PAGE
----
Is Eating Grilled Food Healthy?
We all enjoy a good BBQ with friends where we gather around the grill. When you cook food over a grill – or open flames – it has a unique flavor. However, many of us are hesitating before firing up the grill. There are a lot of opinions circulating on the internet as to whether eating grilled food is healthy or not.
Let’s dive in and give you the low-down!
What the concerns are over grilling food
The main concern with grilled food comes from what happens when fat from cooking meat goes onto the hot coals.
The resulting smoke contains PAH (polycyclic aromatic hydrocarbons). These chemicals are normally found in gasoline, crude oil, and coal, but they are also created when you burn tobacco, wood, gas, oil, coal, and..garbage! The PAHs can bind together to form particles in the air that you don’t want to breathe in, as PAHs are known carcinogens.
The other problem with grilled meat is what happens when the outside of the meat is charred. Although we enjoy the flavor of charred meat, the exterior (or if you eat your meat well-done, the inside too) is full of HCA (heterocyclic animes.) HCAs are also carcinogens, which is why one study found that people who prefer their beef ‘very well done’ have a risk of getting pancreatic cancer that is 60 percent higher than those who eat less cooked meat.
What you can do about it?
There is good news, however, if you still want to eat grilled meat.
Eat smaller quantities
As with most foods, if you eat these foods in small quantities, it isn’t that bad for you. Science doesn’t know yet how much of these foods you’d have to eat to get cancer.
Don’t char your meat
If you avoid charring your meat – or if you cut off the charred bits of your meat – you will be able to cut way down on the HCAs.
Avoid flare-ups on the grill
HCAs and PAHs come into play when fat from the meat drips onto the grill, so another way to reduce these chemicals is to avoid flare-ups on the grill.
How do you do this? You can:
- Pop your meat in the microwave for 30 to 90 seconds so that it won’t drip as much. (Though this goes against the very idea of grilling meat in the first place)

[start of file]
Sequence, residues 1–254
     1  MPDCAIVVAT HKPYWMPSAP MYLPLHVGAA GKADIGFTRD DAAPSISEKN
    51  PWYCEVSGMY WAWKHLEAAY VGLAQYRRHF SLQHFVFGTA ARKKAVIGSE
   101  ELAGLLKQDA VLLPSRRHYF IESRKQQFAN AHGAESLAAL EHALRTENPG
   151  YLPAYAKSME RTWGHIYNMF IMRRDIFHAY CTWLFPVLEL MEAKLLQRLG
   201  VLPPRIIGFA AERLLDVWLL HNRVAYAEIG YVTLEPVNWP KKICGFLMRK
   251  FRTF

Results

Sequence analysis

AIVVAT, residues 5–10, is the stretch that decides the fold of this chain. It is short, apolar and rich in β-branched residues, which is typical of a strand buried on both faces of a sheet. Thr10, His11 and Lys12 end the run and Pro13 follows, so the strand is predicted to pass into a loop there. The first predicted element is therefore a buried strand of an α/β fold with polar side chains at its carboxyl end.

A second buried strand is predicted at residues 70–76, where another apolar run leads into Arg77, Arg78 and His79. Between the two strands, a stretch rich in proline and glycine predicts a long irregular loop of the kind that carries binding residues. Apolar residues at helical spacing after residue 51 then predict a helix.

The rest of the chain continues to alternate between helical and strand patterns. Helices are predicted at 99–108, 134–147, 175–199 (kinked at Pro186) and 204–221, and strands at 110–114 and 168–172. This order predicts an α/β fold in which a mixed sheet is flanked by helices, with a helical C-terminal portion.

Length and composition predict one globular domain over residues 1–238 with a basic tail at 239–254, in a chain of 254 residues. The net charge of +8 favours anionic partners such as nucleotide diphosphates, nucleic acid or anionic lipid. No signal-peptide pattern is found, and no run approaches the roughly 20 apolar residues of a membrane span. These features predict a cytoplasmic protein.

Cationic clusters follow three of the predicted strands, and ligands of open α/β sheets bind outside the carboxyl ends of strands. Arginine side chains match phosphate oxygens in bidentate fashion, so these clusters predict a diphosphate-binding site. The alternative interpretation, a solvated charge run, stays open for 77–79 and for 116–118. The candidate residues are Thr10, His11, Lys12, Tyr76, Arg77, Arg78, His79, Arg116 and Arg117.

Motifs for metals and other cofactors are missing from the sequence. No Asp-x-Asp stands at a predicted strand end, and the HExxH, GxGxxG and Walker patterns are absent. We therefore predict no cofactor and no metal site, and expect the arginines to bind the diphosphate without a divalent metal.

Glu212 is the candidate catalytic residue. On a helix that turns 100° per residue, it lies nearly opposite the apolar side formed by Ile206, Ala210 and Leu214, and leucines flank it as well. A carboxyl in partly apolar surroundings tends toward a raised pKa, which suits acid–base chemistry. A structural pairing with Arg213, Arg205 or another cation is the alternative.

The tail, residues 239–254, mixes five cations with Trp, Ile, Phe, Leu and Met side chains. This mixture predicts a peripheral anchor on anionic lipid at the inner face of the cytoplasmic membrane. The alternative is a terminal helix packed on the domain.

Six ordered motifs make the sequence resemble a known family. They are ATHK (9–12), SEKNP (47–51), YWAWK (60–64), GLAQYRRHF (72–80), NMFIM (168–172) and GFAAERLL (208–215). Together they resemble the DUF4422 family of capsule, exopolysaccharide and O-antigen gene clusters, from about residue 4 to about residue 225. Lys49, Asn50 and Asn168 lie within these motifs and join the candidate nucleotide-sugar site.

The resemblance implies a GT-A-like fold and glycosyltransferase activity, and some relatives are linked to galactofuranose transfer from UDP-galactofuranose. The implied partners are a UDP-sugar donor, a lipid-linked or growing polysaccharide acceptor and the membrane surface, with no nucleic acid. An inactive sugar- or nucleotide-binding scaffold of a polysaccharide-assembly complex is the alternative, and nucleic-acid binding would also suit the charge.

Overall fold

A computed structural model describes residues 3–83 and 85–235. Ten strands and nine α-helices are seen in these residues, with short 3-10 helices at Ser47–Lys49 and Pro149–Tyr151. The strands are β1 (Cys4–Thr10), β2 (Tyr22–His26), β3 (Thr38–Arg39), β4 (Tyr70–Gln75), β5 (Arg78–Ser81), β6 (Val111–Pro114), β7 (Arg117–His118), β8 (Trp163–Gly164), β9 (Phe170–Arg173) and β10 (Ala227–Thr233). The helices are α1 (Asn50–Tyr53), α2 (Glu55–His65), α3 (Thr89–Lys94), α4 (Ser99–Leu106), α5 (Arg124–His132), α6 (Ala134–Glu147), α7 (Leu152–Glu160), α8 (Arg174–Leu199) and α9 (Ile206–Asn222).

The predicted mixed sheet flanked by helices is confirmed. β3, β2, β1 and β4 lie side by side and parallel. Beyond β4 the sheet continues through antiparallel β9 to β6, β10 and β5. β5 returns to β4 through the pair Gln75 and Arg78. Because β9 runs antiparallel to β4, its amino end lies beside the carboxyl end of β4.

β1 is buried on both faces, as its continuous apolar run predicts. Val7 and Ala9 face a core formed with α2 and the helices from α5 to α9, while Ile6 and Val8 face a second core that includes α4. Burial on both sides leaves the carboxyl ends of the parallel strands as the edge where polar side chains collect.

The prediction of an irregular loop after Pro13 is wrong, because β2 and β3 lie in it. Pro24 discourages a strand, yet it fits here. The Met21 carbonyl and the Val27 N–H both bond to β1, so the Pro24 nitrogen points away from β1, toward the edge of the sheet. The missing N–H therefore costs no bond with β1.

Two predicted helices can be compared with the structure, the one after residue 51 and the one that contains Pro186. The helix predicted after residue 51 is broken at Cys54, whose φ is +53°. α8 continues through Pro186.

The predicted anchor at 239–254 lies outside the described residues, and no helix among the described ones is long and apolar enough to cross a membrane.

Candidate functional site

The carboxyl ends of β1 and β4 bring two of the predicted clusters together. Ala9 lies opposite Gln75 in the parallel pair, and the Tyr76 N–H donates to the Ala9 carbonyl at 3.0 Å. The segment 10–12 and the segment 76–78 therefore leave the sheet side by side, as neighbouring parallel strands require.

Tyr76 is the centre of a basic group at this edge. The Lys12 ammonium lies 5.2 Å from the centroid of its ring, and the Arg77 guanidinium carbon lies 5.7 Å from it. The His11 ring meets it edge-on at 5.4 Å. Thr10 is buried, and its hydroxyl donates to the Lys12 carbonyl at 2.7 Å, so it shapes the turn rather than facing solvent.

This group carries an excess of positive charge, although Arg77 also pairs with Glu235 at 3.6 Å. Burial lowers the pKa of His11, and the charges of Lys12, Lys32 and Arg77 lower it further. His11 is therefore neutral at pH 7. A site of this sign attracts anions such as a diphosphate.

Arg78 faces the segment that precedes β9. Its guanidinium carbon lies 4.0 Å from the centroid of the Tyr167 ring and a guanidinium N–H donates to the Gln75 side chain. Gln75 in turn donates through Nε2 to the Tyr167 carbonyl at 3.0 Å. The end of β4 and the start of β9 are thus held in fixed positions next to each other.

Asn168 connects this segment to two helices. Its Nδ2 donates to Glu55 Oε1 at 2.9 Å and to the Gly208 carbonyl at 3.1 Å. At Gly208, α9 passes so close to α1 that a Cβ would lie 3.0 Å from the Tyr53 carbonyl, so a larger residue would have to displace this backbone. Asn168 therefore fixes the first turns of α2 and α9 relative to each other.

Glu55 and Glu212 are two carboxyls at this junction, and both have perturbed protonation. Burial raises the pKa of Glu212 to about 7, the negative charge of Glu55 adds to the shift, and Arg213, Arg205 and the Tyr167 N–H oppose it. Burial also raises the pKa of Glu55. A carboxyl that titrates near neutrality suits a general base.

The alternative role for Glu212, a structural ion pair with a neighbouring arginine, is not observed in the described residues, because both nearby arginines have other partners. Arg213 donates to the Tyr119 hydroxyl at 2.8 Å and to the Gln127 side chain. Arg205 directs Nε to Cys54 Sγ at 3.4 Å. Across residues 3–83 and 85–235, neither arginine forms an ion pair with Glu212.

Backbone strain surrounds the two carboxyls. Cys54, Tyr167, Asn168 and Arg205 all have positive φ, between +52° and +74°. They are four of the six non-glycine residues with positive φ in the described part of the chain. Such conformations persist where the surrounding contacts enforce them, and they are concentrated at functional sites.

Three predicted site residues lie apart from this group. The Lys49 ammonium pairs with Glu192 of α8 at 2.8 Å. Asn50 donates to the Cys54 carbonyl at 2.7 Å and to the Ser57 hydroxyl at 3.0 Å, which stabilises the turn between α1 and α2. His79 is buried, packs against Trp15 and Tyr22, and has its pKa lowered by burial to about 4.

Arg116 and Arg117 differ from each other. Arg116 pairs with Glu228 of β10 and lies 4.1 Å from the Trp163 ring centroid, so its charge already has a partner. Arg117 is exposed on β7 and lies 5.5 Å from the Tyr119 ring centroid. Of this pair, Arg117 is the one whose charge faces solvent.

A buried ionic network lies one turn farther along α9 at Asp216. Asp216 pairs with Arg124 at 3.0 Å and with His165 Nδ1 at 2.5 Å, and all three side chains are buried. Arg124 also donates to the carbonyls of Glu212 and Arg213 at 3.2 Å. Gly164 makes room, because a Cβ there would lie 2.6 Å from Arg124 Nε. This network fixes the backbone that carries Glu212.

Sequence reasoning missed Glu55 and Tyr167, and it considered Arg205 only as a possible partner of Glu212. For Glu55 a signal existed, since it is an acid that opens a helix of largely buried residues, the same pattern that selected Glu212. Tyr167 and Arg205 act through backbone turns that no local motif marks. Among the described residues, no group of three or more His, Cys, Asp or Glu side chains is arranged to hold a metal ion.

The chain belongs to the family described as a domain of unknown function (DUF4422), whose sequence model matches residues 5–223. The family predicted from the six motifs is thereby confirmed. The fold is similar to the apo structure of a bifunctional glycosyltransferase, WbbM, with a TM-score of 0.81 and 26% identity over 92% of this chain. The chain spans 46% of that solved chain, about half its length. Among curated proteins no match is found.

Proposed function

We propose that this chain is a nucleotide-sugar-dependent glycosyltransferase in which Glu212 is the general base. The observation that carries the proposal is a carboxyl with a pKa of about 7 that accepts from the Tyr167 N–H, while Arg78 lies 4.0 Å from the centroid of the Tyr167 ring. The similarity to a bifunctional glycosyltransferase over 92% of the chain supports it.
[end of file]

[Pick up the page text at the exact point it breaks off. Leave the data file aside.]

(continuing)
- Put tin foil underneath the meat to catch the drippings, or
- Grill over indirect heat (you can use a two-zone system on your charcoal grill)
Use a stovetop grill
Another way to grill meat more healthily is to use a stovetop grill – such as a cast-iron griddle – which requires no wood or charcoal. You can still achieve seared grid-like lines on your meat and achieve deliciously tender meat without the smoke and chemicals of an outdoor grill.
To see what we mean by a stovetop grill, click here to see a model that resists high heats (an essential factor for successful indoor grilling.)
Marinate your meat beforehand
This solution is truly magical – if you marinate your meat, you are adding moisture, preventing charring. Marinades also make it less likely for the particles in the PAH-filled smoke to stick to the surface of your meat.
The science behind this cites two studies in Hawaii where marinating meat in a garlic-turmeric marinade or a Hawaiian-style teriyaki marinade reduced the number of harmful chemicals created by the smoke.
Here’s the best tip of all: add fresh rosemary to your meat before you grill it. One study done in 2010 found that if you add rosemary to meat before grilling it, you can cut down the HCAs by up to 90 percent! Rosemary contains many antioxidants, which researchers believe are what contributed to these results.
Other helpful ingredients that can block these chemicals are onion, honey, tart cherries, and garlic.
Suggested dishes for your grill
Whether you grill indoors or outside, here are some grill-friendly suggestions that implement the above tips for you to enjoy a tasty yet healthier grill:
- Grilled lamb with rosemary and garlic
- Grilled pork chops with a honey and cherry glaze
- Grilled chicken with garlic, onions, and rosemary
One last thing to remember
Before you start to get overly concerned about these chemicals, it’s worth keeping in mind that they are just one part of the overall nutritional puzzle. There’s a vast difference between grilling lean cuts of chicken and fat-filled pork ribs, so moderation is key.
However, you may want to avoid eating very well-done steaks and learn the pleasures of medium-rare!